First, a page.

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Interview with the creator of the MogPog's
Interviewing the author of The Crystal Point of the Mog Pogs, Don Cambou.
Your book seems to take a stand on pollution, global warming etc. Which other causes and organisations do you recommend or support yourself?
I think converting our energy infrastructure to renewables, like solar, wind, geothermal, and tidal, coupled with population control, is the key to avoiding a truly apocalyptic future. It's doable, if we make it a national and international priority. Let's build photvoltaic cells rather than land mines and two billion dollar fighter jets. I like and support aggressive environmental organizations like the Environmental Defense Fund and Rainforest Action Network.
How did you transfer knowledge of visual media to writing a book?
For me, writing a novel and writing a screenplay or documentary script aren't that different. At the heart of each endeavor is verbal story telling. When I was the Executive Producer of Modern Marvels, I always told my producers to write a good story first, and then worry about the visuals. If the story was strong enough, we would always find ways to support it visually. At the same time, I'm a very visual person. I think The Crystal Point of the MOG POGs is very cinematic in image and structure.
Our hero loves Discovery, and his bow and arrow. Which real life person is he based on, if any?
Lew, my protagonist, just came into my mind and started talking to me. Sometimes while writing I actually say, "Lew, talk to me." He hasn't stopped talking, as I polish the second book and plunge into the third. Lew is part me, part the kid I would have liked to have been. My father died when I was three, so my grandfather became a very strong influence in my life. Like Lew, my favorite meal as a kid was a grilled cheese sandwich with dill pickles. Also like Lew, a part of me has thankfully remained an eleven year old boy. I picked the bow and arrow as his weapon because of it's mythic, archetypal significance.
If you've had children read the book, before and/or after publication, how were their reactions?
I wrote The Crystal Point for a broad audience. But I also wrote it for Middle Grade readers, especially boys. I want to turn boys on to reading. I had several eight to fourteen year old boys read it prior to publishing. Everyone of them loved it. They couldn't put it down. A producer friend told me that her young cousins actually fought over the single copy they had. I wanted to write a book that grabbed you fast and didn't let go. The Crystal Point is nearly non stop action. Below is an email I received from the fourteen year old son of another friend.
Wow... How should i say this. The book was great and i couldn't stop reading it. I almost missed dinner i was so into it and i ended up finishing it in one night. The creativity was what really made the book, and the whole idea i found very cool and like no book i have read before. I think that you really managed to master talking in the point of view of a 11 year old boy. It actually sounded like a kid about that age and it made it that much easier to relate to. The character personalities also were perfect, in my opinion, partially because i can relate to them, and partially because i thought they fit the role perfectly. I would say the only problem is that I am not sure I can wait for you to write the second book. Like i said, i am anticipating the next book if there is going to be one, and i hope this book gets published soon because it is something I think many kids would enjoy.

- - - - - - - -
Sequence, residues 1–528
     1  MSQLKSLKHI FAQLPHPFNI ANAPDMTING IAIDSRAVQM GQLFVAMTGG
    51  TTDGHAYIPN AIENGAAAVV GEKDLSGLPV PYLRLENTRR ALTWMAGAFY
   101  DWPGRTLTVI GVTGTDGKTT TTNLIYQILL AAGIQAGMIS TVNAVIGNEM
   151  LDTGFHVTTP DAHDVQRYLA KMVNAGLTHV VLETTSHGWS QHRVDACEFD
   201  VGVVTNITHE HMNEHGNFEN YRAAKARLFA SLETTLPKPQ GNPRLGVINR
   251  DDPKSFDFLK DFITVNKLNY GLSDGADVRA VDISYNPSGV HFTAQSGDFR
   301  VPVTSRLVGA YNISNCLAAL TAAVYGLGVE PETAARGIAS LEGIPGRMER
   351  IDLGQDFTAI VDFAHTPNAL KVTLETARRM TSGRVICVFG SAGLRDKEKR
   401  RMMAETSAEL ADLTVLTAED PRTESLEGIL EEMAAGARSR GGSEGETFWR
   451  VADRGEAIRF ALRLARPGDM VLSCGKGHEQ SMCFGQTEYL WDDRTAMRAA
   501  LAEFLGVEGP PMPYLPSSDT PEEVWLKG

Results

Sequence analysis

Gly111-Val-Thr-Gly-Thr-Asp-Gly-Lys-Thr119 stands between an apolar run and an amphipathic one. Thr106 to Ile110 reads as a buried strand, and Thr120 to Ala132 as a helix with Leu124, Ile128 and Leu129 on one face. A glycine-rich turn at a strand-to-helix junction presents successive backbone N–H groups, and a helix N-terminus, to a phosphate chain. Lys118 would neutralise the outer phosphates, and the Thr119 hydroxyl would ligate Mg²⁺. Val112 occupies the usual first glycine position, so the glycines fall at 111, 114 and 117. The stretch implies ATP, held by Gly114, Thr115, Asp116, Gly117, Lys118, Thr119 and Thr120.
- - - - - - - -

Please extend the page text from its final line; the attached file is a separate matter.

> Do you write fantasy because of a love for fantasy? Or were you surprised > you ended up there? Might you write science fiction or mystery the next > time?
Ever since I read the Lord of the Rings trilogy, four decades ago, I've loved fantasy. After working in non fiction television for thirty years, and spending much of that time polishing other writers' work, I was ready to take off my critical blinders and let my mind run free. Writing The Crystal Point was a consuming, altogether pleasant experience for me. I've also loved science fiction for at least four decades. At seventeen, I read Aldous Huxley's Brave New World. The book changed my life. I've read much of Arthur C. Clarke and Michael Crichton. I liked them both because of the strong scientific foundations upon which their books were written. Crichton my not have been the world's greatest stylist, but he could sure write a compelling, cinematic novel. I have several ideas for science fiction novels. I find these ideas disturbing, since they challenge what it is to be human. Look what we've done to dogs through selective breeding. What will happen when we really start messing around with the human genome?
Why did you release your book on Kindle?
On Kindle, an author can publish what he or she wants, when he or she wants. Traditional publishing is a waiting game with many obstacles to overcome. I've talked to other fantasy writers who've done up to four free drafts for publishers, only to have their manuscripts rejected in the end. I've dealt with the notes of network executives for thirty years. Sometimes, they help. Often, they hinder. I didn't want to subject The Crystal Point to an editor's whims. Instead, I sought editorial advice from a successful screenwriter friend. She helped me immensely, but was always ready to defer to my vision of the story. Of course, the price for this freedom is that an author has to create the awareness for his or her own book. Big publishing houses know how to push a book. Kindle authors must try to do it themselves, with a tiny fraction of the budget.
Created: 18 May, 2011 - Last changed: 18 May, 2011 - Comments (0)